EXAMPLE I Reduced Protein Deposition

Contact lenses were soaked and heated in test solutions to which a radio-labeled lysozyme was present in a known amount for a period of 12 hours at 37 degrees Celsius. The lenses were rinsed with distilled water in order to remove residual solution. The lenses were then assayed for protein deposition using a Beckman BioGamma I counter. Results were reported in ug/lens.

LensA Lens B Average
ug/lens ug/lens ug/lens
Phosphate buffer control 1,043 865 954
Choline Chloride (1%) in   14  9  12
phosphate buffer

Choline chloride was a 1 percent w/v solution. The matrix control was phosphate buffer and sodium chloride. The low molecular weight amine solution had lower protein binding than the control.

EXAMPLE 2 Reduced Preservative Binding

Contact lenses were soaked and heated in test solutions to which a radio-labeled C14-PHMB solution in a a known concentration for a period of 12 hours at 37 degrees Celsius. The lenses were rinsed with distilled water in order to remove residual solution. The lenses were then assayed for the radio-labeled protein deposition using a Beckman BioGamma 1 counter. Results were reported in ug/lens.

Lens A Lens B Average
Solution ug/lens ug/lens ug/lens
1% choline chloride 18 11 14.5
in phosphate buffer
1% carnitine in  9 13 11  
phosphate buffer
1% betaine HCl in  6  8 7 
phosphate buffer
Phosphate buffer 73 64 68.5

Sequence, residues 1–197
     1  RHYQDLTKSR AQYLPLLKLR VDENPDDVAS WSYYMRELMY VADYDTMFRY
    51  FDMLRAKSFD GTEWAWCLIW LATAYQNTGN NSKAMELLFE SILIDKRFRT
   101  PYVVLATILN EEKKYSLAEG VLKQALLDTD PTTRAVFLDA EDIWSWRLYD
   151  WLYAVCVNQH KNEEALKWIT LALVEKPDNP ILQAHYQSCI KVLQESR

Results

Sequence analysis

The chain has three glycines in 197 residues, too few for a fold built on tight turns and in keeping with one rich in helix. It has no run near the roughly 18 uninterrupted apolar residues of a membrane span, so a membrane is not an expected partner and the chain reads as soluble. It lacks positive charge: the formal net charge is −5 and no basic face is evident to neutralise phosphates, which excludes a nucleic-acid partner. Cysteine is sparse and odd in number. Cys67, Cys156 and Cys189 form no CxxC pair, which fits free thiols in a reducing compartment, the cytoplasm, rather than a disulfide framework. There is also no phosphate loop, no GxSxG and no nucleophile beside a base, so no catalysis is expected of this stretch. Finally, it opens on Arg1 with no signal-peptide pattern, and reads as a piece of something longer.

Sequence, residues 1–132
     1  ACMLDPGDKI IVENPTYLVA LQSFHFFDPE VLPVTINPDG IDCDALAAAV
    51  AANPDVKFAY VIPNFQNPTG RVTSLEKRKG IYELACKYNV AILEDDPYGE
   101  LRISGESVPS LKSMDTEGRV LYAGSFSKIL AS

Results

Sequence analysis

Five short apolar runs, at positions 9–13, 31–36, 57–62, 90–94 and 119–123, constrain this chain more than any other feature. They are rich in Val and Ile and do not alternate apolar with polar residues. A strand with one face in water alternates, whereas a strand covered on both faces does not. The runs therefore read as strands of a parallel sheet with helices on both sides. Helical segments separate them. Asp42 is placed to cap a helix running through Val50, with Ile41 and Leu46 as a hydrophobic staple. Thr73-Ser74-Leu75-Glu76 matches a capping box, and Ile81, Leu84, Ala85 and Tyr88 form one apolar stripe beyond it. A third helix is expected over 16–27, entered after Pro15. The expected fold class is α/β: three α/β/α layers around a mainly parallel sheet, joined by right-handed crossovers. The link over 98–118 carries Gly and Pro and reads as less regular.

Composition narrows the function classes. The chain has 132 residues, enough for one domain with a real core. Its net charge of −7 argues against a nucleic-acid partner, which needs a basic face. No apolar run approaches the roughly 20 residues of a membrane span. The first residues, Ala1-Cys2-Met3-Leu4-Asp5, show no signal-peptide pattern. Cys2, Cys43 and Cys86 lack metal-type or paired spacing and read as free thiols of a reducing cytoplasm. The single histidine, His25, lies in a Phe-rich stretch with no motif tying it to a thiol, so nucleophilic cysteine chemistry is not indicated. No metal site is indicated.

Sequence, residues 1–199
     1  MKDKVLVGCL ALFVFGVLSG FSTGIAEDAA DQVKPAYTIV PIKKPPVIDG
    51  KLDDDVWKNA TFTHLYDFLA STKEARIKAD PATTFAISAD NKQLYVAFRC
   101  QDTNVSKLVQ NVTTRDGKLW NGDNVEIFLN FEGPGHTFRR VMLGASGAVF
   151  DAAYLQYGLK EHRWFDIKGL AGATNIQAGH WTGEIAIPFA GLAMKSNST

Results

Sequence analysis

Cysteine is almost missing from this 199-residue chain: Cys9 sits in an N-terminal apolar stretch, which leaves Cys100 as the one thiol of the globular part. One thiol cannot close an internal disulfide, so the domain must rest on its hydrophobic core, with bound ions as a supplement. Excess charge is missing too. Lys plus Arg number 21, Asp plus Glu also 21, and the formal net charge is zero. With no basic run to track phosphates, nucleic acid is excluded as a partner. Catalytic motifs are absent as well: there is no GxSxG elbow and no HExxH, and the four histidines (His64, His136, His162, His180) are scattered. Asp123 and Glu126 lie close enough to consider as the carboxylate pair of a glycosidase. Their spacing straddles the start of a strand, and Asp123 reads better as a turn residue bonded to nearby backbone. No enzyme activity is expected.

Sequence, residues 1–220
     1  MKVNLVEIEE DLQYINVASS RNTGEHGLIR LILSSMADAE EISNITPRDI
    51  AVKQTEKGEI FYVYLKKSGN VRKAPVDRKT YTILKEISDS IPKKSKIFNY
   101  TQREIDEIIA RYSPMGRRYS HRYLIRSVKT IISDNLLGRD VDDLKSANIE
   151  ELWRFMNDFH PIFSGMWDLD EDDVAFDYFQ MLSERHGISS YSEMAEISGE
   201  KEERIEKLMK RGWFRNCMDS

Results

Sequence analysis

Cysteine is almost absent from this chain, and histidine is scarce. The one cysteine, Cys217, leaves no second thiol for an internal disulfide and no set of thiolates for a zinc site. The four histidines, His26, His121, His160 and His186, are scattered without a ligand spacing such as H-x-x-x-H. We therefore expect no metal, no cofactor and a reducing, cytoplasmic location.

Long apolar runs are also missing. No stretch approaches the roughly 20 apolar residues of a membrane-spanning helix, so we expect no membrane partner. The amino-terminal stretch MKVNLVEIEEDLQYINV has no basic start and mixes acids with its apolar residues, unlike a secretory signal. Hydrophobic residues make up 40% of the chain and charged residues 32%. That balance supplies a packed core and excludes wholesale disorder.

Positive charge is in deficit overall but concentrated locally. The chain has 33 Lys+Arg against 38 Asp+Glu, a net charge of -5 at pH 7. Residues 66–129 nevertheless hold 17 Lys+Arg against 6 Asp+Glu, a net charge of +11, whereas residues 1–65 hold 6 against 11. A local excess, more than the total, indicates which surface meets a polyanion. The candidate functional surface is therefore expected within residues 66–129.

control

Each of the additives were at a 1 percent w/v solution in the phosphate buffer. The control was phosphate buffer and sodium chloride. The low molecular weight amines solution had a lower cationic preservative adsorption the control.

EXAMPLE 3 Example of Protein Deposition Inhibition

Contact lenses were soaked test solutions overnight. Afterwards, lysozyme was added to the tubes and warmed to 37 degrees Celsius for 12 hours. The lenses were rinsed with distilled water in order to remove residual solution. The lenses were assayed for protein deposition by the BCA method and detected on an HP PDA Spectrophotometer. Results were reported in ug/lens.

Solution ug lysozyme per lens
Marketed Product Control >18.3
(phosphate buffer, Poloxamer)
Phosphate buffer control >26.16
Choline chloride (1%) 4.1
Betaine HCl (1%) 2.44

Choline chloride and Betaine HCl were a 1 percent w/v solution in the phosphate buffer. The control was phosphate buffer and sodium chloride. The low molecular weight amine solution had lower protein binding than the control.

EXAMPLE 3A Improved Antimicrobical Activity

Formulations containing low molecular weight amines were prepared in a 0.1% phosphate buffer. The solutions were made isotonic with sodium chloride and preserved with polyhexamethylene biquanide at 0.0001% and hydrogen peroxide at 0.0060%. Dequest 2060S was added as a stabilizer. The pH was adjusted to 7.0 with either 1 N sodium hydroxide. The in vitro microbicidal activity of the solutions was determined by exposing C. albicans to 10 ml of each solution at room temperature for 4 hours. Subsequently, an aliquot of each solution was serial diluted onto agar plates and incubated for 48 hours at elevated temperatures. At the conclusion of the incubation period the plates are examined for the development of colonies. The log reduction was determined based on a comparison to the inoculum control. The following table provides the results of the in vitro studies.

C albicans
log reduction Improvement
bicine (1%) 0.75 0.34
creatinine (1%) 1.42 1.01
buffer control 0.41

Each of the low molecular weight amines showed an improvement in the activity against C. albicans as compared to the buffer control.

EXAMPLE 4 Improved Antimicrobical Activity